WORIMI Aboriginal tribe descendants will lodge a Commonwealth Native Title claim over Newcastle and surrounds as part of a campaign to prove they are the area’s traditional owners.
Although mostly associated with Port Stephens, the Worimi descendants argue that what is now Newcastle fell within their tribe’s ancient hunting and cultural footprint.
They are also disputing the right of the Awabakal Aboriginal group to lay claim to the land.
Tribe descendant Jaye Quinlan (nee Dates) said about nine Worimi descendants had been researching their right to make the claim for several years.
She confirmed the lack of recognition given to the Worimi tribe in the recent excavation of ancient artefacts at the Newcastle West KFC site had been a factor in the decision to pursue legal action.
‘‘They are our ancestors’ tools and we were not consulted at all,’’ Ms Quinlan said.
Newcastle lawyer Mark Ramsland confirmed he intended to lodge the Native Title claim on behalf of the Worimi descendants in the federal court within a fortnight.
‘‘I’ve looked at a lot of material that they have given me about the generations of their people living here and their use of the land,’’ he said.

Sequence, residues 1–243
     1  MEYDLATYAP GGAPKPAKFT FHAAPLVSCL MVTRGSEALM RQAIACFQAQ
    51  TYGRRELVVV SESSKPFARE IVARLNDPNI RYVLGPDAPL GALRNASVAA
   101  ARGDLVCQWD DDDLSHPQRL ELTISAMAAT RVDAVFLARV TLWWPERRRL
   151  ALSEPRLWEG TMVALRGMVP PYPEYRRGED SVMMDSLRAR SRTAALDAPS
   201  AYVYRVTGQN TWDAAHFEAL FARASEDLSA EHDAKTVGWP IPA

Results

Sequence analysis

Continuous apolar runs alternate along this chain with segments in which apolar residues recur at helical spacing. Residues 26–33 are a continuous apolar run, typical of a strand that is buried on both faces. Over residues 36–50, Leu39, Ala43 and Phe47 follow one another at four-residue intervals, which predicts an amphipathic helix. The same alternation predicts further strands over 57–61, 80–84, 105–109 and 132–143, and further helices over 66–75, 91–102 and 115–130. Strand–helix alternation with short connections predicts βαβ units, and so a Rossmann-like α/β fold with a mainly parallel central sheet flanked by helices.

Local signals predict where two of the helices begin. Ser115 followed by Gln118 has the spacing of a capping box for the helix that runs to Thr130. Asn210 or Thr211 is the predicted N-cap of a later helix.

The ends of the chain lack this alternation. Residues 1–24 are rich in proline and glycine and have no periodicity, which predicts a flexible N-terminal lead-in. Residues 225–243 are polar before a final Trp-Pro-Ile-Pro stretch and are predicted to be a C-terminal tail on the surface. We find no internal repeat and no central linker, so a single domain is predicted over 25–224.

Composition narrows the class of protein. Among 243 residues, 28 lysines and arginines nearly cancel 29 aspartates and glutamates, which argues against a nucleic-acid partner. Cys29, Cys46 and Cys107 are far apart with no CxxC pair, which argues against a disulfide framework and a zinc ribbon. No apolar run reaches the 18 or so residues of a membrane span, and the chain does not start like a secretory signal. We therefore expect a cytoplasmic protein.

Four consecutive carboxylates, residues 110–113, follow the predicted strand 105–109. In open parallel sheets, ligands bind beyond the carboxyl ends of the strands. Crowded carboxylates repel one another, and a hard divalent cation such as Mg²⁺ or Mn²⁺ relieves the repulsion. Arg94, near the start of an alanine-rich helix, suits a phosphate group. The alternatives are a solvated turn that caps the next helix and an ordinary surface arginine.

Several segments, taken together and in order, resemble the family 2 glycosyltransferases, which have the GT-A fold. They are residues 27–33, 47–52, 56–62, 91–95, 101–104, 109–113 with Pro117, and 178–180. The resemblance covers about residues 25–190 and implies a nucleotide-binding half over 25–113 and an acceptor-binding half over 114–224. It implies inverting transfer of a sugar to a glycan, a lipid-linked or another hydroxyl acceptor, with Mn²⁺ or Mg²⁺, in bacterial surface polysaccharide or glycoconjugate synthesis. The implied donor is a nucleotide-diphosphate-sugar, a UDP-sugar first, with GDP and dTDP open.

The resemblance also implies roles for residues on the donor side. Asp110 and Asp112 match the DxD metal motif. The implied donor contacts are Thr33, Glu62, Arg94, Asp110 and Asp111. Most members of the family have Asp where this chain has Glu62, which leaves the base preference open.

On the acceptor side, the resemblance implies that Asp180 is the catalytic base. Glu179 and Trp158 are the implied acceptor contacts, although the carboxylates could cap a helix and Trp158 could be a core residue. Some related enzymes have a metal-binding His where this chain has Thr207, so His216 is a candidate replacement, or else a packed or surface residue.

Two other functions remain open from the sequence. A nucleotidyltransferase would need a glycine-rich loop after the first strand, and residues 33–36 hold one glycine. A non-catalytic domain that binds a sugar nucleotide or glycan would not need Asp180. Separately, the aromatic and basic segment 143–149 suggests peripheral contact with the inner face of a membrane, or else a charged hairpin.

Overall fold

‘‘It seems to me that they have a decent claim.’’
Most historic records indicate that the Hunter River served as a broad territorial marker between the tribes, with Worimi tribe to the north and Awabakal tribe to the south.
But Ms Quinlan said the group had evidence to prove this was incorrect.
‘‘A lot of people say they are Awabakal people, but that is not right,’’ she said.
‘‘Awabakal is a language, it is not a tribe.
‘‘We are sick of them telling us we don’t exist.’’
Awabakal descendant Kerrie Brauer said the story of the Awabakal footprint in Newcastle and the boundaries of Awabakal country were well documented and recognised.
‘‘We are supportive of traditional people trying to have their rights met through the native title process,’’ Ms Brauer said.
‘‘Should any native title claims be made in or overlapping the traditional boundaries of Awabakal country, we would expect to be consulted as part of that process.
‘‘We believe that our rights to fair and transparent representation of our interests as Awabakal people deserve to be protected, otherwise fair processes have not been demonstrated and this would need to be challenged.’’
Ms Quinlan traces her Worimi ancestry to her great-great grandmother Mary Mahr, who was born in 1847.
‘‘My father used to take us up to the hill overlooking Newcastle and tell us stories about our land,’’ she said.
‘‘It was like an initiation.’’
Ms Quinlan said if the Worimi claim succeeded she believed the tribe would have control over the 5500 artefacts recovered from the KFC site.
‘‘If that happened then we would give them to a museum where everyone could see and appreciate them,’’ she said.